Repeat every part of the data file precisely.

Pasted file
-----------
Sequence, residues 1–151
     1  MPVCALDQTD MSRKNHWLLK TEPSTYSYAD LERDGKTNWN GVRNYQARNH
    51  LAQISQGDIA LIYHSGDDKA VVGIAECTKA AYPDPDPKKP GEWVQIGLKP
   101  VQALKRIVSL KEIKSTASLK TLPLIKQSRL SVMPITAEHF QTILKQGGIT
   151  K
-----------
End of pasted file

Sequence, residues 1–151
     1  MPVCALDQTD MSRKNHWLLK TEPSTYSYAD LERDGKTNWN GVRNYQARNH
    51  LAQISQGDIA LIYHSGDDKA VVGIAECTKA AYPDPDPKKP GEWVQIGLKP
   101  VQALKRIVSL KEIKSTASLK TLPLIKQSRL SVMPITAEHF QTILKQGGIT
   151  K